Community & Relationships

Real estate investing is as much about building your portfolio as it is about relationships and community. By surrounding yourself with the right people, being mindful of professional dynamics, investing in your education, and being receptive to guidance, you can avoid the common pitfalls that many new investors face. 

Want to hear me talk more about this topic? 

Join 1000+ Real Estate investors and gain access to the weekly TS Newsletter with insider tips on how to start and grow your investment portfolio so you can get the passive income, freedom and results you deserve. 

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Are you ready to learn the secret to making more money?

Are you ready to learn the secret to making more money?

Most of us become interested in Real Estate at least partially for the money. 

But before we can let our investing make us rich, we need to examine the role money plays in our lives or we will find ourselves drowning under the weight of our side-hustles! 

The true secret to making money is–weirdly–to not focus on the money. Real estate investing is not just about putting money into properties and hoping for the best. It’s about creating value for others—whether that’s your tenants, your clients, your partners or even yourself. The key to succeeding in any financial endeavor, including real estate, is understanding that money is a consequence of the value you provide.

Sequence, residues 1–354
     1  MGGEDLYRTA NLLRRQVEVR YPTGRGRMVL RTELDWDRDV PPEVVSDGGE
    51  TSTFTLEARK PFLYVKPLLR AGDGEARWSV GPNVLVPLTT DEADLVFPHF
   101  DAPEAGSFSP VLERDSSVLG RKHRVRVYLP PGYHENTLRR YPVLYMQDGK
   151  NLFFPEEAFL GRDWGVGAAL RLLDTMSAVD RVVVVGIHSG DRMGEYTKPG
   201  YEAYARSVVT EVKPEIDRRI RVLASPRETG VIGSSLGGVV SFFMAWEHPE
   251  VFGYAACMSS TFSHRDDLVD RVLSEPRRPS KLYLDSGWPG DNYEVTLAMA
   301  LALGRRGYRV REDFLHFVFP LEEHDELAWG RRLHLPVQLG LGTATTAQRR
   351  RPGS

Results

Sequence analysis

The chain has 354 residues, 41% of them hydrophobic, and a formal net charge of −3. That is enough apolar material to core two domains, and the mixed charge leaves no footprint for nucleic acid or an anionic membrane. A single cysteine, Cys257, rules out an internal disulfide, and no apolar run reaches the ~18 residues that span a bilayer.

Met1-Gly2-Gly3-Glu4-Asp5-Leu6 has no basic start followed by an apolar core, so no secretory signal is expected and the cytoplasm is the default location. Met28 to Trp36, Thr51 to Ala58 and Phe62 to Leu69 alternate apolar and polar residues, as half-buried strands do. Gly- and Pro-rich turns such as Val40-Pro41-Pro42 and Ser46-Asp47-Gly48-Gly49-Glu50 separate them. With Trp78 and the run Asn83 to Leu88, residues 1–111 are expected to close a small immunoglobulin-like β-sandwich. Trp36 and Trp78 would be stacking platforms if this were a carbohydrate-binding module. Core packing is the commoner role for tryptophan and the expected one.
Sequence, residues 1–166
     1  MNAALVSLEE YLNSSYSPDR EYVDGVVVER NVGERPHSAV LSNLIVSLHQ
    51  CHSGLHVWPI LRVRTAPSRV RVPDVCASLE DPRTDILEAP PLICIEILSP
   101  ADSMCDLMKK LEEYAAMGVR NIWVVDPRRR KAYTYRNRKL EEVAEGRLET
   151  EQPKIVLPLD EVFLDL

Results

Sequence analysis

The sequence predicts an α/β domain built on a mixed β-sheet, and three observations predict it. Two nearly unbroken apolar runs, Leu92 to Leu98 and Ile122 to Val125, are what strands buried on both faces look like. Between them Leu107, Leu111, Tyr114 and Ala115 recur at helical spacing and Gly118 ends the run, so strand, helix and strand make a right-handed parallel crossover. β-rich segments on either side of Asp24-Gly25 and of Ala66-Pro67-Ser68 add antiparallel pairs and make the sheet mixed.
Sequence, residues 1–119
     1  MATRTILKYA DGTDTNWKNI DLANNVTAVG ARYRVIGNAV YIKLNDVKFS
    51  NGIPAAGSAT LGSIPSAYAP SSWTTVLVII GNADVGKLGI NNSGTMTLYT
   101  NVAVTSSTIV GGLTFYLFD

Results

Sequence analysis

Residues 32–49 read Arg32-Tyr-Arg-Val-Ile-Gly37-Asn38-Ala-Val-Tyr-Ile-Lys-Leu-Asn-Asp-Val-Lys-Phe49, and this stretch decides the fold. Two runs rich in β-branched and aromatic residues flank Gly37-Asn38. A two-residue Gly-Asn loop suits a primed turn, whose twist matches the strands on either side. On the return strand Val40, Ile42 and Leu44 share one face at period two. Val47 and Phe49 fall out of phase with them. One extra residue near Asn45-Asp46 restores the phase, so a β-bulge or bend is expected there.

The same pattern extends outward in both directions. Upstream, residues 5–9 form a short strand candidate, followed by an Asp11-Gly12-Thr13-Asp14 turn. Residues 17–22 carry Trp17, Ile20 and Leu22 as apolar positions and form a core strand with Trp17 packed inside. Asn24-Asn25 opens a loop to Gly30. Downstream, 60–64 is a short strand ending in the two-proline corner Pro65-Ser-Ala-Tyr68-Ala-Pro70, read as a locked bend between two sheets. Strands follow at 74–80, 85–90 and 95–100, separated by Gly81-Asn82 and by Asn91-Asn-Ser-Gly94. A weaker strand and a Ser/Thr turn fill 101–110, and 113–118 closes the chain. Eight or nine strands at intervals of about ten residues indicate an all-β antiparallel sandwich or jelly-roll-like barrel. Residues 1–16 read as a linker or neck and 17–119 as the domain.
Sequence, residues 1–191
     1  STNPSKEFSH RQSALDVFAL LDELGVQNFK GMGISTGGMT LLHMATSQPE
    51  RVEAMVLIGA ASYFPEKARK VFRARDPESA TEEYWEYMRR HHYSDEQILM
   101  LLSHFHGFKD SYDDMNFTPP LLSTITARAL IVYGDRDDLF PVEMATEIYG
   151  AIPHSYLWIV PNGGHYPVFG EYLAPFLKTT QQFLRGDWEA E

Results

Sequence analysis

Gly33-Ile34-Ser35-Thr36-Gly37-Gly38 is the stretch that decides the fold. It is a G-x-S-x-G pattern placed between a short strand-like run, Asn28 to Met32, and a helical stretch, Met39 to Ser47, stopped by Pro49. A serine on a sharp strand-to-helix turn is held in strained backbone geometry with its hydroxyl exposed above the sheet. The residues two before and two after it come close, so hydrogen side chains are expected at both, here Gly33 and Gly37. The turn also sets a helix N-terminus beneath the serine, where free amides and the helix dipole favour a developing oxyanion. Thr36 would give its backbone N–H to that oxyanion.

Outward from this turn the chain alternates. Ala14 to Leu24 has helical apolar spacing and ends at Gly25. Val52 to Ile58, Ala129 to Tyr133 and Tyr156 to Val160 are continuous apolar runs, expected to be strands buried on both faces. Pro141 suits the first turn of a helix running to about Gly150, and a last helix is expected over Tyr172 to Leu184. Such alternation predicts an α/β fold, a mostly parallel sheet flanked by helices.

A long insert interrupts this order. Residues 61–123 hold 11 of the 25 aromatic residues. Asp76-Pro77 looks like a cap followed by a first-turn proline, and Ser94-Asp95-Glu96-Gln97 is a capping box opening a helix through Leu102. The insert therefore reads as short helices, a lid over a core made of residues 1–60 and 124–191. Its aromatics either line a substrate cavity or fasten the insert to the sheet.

Take the example of real estate brokers. The most successful brokers aren’t the ones who spend all their time marketing themselves or making cold calls. Instead, the best agents focus on building their knowledge and expertise to become indispensable to their clients. By understanding the ins and outs of the market, contracts, and value-add opportunities, they make themselves so valuable that it becomes a liability for clients not to work with them. Either that, or they build an incredibly valuable sales- and business machine that is able to deliver great service, consistently.